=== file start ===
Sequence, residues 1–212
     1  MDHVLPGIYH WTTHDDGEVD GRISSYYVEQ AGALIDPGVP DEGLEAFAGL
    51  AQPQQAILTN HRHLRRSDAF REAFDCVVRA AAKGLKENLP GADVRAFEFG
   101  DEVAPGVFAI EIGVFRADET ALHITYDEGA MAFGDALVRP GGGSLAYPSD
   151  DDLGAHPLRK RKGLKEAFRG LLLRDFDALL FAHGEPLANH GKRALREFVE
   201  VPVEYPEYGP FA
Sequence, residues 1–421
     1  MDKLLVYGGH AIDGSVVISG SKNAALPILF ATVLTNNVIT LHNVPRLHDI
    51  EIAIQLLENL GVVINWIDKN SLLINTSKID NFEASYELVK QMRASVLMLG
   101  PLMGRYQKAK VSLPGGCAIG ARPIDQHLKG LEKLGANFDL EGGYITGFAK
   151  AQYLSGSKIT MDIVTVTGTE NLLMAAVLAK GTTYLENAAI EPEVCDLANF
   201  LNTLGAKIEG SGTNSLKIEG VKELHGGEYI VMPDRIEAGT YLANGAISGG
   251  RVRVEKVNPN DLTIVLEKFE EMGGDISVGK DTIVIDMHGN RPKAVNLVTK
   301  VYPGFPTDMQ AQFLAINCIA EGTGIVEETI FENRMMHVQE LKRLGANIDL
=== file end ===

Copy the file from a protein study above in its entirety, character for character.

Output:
Sequence, residues 1–212
     1  MDHVLPGIYH WTTHDDGEVD GRISSYYVEQ AGALIDPGVP DEGLEAFAGL
    51  AQPQQAILTN HRHLRRSDAF REAFDCVVRA AAKGLKENLP GADVRAFEFG
   101  DEVAPGVFAI EIGVFRADET ALHITYDEGA MAFGDALVRP GGGSLAYPSD
   151  DDLGAHPLRK RKGLKEAFRG LLLRDFDALL FAHGEPLANH GKRALREFVE
   201  VPVEYPEYGP FA
Sequence, residues 1–421
     1  MDKLLVYGGH AIDGSVVISG SKNAALPILF ATVLTNNVIT LHNVPRLHDI
    51  EIAIQLLENL GVVINWIDKN SLLINTSKID NFEASYELVK QMRASVLMLG
   101  PLMGRYQKAK VSLPGGCAIG ARPIDQHLKG LEKLGANFDL EGGYITGFAK
   151  AQYLSGSKIT MDIVTVTGTE NLLMAAVLAK GTTYLENAAI EPEVCDLANF
   201  LNTLGAKIEG SGTNSLKIEG VKELHGGEYI VMPDRIEAGT YLANGAISGG
   251  RVRVEKVNPN DLTIVLEKFE EMGGDISVGK DTIVIDMHGN RPKAVNLVTK
   301  VYPGFPTDMQ AQFLAINCIA EGTGIVEETI FENRMMHVQE LKRLGANIDL